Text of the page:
Under Turkish law, the redundancy compensation is defined as an
amount of money which is calculated by considering seniority and
the latest wage of the employee which is paid to the employee upon
the leave of the employee of the work under certain conditions. To
be entitled for a redundancy payment a worker must complete a
continuous employment for a period of at least one year. Per the
Turkish Labor Law numbered 4857 this redundancy payment has to be
paid by the employer when an employee is made redundant and for
this purpose it is not important whether the employee has been
working under fixed-term employment agreement or not.
An employee may be entitled to receive the redundancy payment
upon the existence of the certain conditions recited under the law
numbered 4857. However, if the employee terminates the employment
agreement upon his/her own will, without any just reason which
legitimates the termination of the employment agreement or if it is
the employer who terminates the employment agreement with just
reasons against the employee which legitimates such termination,
then under such circumstances, the employer shall not be under the
responsibility of making any redundancy compensation payment.
Under Turkish practice, there exist a common misunderstanding
among the public that under circumstances where the employer
terminates the employment agreement for "any" reason, the
employee may claim the payment of redundancy compensation. Due to
this misunderstanding, employees who want to leave their position
upon their own will but also want to receive their redundancy
payment tend to push the employers to terminate their employment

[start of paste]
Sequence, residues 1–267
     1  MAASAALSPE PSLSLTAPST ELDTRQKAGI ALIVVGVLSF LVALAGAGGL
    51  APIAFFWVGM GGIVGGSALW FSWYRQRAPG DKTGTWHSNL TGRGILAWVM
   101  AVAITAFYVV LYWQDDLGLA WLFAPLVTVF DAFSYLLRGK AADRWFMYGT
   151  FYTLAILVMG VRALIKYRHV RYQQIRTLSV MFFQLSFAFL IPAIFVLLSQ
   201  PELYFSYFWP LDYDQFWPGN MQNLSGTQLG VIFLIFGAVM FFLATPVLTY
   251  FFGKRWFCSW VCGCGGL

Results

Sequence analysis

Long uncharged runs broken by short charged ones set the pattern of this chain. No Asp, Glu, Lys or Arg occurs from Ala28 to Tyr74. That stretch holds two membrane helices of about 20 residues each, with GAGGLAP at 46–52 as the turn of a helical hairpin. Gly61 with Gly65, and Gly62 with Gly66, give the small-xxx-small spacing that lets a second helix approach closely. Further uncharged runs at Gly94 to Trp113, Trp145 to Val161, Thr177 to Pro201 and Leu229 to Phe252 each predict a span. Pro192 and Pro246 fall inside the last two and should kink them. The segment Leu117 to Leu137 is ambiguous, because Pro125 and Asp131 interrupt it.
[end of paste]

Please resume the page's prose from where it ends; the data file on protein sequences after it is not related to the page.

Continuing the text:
agreement. In such situations one of the common methods used by the
employees is being absent in the work without any permission given
by the employer.
Per the Article 25/g of the Turkish Labor Law, if the worker
does not appear at the work for two working days consecutively or
three days separately in a month or two working days which are
following of the day off in a month without any permission given by
the employer, the employer has a right to terminate the employment
agreement without paying redundancy compensation. However, the law
does not provide any possibility of termination without the payment
of the redundancy compensation if the absence of the employee does
not match the exact conditions of the Labor Law. For instance,
under circumstances where the employee does not show up one day
each month, despite such absence does not base on the permission of
the employer, the employer cannot terminate the agreement by
relying on the article 25/g of the Labor Law. Again, according to
Supreme Court's decision dated 10 February 2004 numbered
10635/1799 the burden of proof in relation to the absence of the
employee, the fact that such absence does not base on any fair
reason and the absence of the employee does match the conditions
determined by the law is on the employer.
Under circumstances where the absence without permission of the
employee does not match the conditions provided under the law,
despite of the fact that the employer may not terminate the
agreement based on the article 25/g of the law, it is always
possible for the employer to terminate the employment agreements on
the grounds of the breach of the employment agreement. Because the
employee by not attending to the work as defined under the
employment agreement, even though such non-attendance may not match
the conditions of article 25/g, would still be in the breach of the
employment contract. So the employer may still terminate the
agreement due to such breach. However, the termination of the
employment agreement on the grounds of the breach of the employment
agreement by the employee also necessitates the strict proof
burdens and compatibility with certain procedural rules. Therefore,
we are of the opinion that the termination of the employment
agreement due to the absence of the employee without any just
reason should not be subject to above mentioned repetitive
absences. Despite the labor law aims the protection of the employee
thus includes provisions for such purpose, it seems the law itself
ignores the fact that the employees may act in bad faith some times
and there may be a need for the protection of also the employers
from the blatant infringement of the employees.
The content of this article is intended to provide a general
guide to the subject matter. Specialist advice should be sought
about your specific circumstances.
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